Source: YCharts

While one may think the business always goes up in the waste disposable industry, you can see that fluctuations arise even in that field. WM sold its waste-to-energy business, Wheelabrator, in 2014. This move hurt WM’s revenue growth the following year, but management did it to reduce its exposure to commodity prices. The company has decided to focus on trash management and recycling products.

Waste Management can benefit from a few growth vectors to boost its revenue in the future. Since the amount of landfills is limited, WM can now charge a “toll fee” for any competitors in need of additional disposable facilities. This is easy and recurring cash flow coming in each year. I also think it’s time for WM to acquire smaller competitors to benefit from its larger size and create synergies.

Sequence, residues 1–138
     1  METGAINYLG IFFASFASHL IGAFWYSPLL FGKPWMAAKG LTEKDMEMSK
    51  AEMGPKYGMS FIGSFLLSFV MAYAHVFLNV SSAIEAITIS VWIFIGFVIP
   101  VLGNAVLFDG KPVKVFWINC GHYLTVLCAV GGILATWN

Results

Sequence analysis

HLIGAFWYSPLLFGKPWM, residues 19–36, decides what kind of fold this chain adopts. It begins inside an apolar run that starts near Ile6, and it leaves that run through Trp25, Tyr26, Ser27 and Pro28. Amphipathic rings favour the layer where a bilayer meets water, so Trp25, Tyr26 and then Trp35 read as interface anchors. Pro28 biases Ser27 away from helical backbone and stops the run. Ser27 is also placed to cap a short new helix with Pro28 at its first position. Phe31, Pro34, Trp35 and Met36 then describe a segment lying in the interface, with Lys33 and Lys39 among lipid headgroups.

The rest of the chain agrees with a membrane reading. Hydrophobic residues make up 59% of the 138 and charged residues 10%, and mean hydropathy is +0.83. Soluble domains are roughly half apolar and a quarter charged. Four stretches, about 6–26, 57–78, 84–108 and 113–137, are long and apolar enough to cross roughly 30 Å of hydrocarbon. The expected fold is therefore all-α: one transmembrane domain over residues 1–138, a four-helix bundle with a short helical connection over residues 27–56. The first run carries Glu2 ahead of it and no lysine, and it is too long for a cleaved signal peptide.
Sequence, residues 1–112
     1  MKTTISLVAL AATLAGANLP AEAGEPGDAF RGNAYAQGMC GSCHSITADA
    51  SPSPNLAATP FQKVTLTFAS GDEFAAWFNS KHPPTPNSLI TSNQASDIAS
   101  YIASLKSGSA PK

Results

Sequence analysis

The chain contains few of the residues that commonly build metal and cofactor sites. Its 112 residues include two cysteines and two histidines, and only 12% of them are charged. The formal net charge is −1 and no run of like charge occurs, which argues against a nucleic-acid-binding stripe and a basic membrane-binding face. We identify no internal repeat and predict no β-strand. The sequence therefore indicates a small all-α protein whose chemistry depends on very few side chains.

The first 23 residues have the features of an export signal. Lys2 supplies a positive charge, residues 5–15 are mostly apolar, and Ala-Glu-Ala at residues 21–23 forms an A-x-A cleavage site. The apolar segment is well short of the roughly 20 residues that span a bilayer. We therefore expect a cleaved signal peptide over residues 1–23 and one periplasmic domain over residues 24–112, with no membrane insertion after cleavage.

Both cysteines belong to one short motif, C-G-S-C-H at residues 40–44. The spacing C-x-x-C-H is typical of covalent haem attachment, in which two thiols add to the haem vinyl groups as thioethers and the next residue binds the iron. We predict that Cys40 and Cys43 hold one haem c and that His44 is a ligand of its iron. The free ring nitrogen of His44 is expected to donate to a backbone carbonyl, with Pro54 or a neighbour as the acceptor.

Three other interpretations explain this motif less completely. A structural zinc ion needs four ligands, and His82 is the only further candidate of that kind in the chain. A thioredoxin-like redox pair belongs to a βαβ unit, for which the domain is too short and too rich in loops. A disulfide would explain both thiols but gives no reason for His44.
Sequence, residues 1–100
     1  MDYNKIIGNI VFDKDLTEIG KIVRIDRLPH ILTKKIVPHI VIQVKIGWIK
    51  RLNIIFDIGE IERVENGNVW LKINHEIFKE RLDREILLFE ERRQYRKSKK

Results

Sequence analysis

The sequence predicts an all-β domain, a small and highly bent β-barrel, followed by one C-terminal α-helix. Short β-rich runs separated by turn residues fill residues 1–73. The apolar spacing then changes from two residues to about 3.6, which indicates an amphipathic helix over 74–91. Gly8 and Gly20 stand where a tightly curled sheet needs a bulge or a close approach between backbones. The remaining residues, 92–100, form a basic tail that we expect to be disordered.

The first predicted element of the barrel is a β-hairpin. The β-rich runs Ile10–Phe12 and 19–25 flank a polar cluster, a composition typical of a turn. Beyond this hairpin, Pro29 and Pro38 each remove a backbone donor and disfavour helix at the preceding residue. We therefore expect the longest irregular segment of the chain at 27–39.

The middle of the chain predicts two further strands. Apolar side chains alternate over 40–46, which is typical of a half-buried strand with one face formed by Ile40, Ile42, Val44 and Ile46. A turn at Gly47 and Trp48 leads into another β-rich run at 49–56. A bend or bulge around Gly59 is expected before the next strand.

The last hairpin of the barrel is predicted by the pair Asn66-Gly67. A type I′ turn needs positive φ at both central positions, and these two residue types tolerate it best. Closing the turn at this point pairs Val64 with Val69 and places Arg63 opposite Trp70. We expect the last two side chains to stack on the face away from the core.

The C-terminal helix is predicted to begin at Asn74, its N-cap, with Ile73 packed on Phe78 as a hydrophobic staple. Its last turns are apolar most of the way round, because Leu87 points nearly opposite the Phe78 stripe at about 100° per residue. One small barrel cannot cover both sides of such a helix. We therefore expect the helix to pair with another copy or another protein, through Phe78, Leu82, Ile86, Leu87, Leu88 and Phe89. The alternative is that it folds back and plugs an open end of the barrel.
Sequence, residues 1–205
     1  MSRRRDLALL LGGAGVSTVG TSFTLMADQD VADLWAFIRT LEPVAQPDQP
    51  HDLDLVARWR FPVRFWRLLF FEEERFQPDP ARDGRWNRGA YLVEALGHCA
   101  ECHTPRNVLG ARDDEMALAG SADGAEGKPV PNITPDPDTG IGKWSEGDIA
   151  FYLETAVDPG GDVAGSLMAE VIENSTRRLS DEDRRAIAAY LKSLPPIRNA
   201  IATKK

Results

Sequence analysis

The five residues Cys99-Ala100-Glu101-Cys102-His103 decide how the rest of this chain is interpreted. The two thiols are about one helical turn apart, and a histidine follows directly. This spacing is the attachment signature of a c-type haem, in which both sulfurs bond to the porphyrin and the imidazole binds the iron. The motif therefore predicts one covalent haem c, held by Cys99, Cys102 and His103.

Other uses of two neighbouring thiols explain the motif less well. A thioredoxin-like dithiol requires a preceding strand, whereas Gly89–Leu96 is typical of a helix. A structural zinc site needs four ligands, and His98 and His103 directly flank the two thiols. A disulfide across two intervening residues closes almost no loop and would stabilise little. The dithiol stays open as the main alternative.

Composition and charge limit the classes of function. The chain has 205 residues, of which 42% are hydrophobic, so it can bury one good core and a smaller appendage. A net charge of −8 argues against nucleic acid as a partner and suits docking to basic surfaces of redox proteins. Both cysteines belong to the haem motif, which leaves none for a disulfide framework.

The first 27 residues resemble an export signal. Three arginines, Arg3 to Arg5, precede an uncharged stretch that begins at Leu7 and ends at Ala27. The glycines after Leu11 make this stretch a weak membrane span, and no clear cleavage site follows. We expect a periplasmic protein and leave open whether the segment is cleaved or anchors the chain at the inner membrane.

Source: YCharts

After taking a few hits with the Wheelabrator and some landfill impairments in 2014, the company showed an interesting EPS progression. As the economy does well, people consume more, leading to additional trash disposal needs. As long as the U.S. economy grows, you can expect WM’s revenue and earnings to follow this trend.

Management is using a part of its profit to buy back its shares since the last recession. The company has reduced its number of outstanding shares by 13% over the past 10 years.

Source: YCharts

Dividend Growth Perspective

With such a reliable business model, Waste Management has rapidly become a steady dividend grower. WM has successfully increased its dividend for 14 consecutive years. This makes it part of the elite Dividend Achievers list. The Dividend Achievers Index refers to all public companies that have successfully increased their dividend payments for at least 10 consecutive years. At the time of writing this article, there were 265 companies that achieved this milestone. You can get the complete list of Dividend Achievers with comprehensive metrics here.

Source: YCharts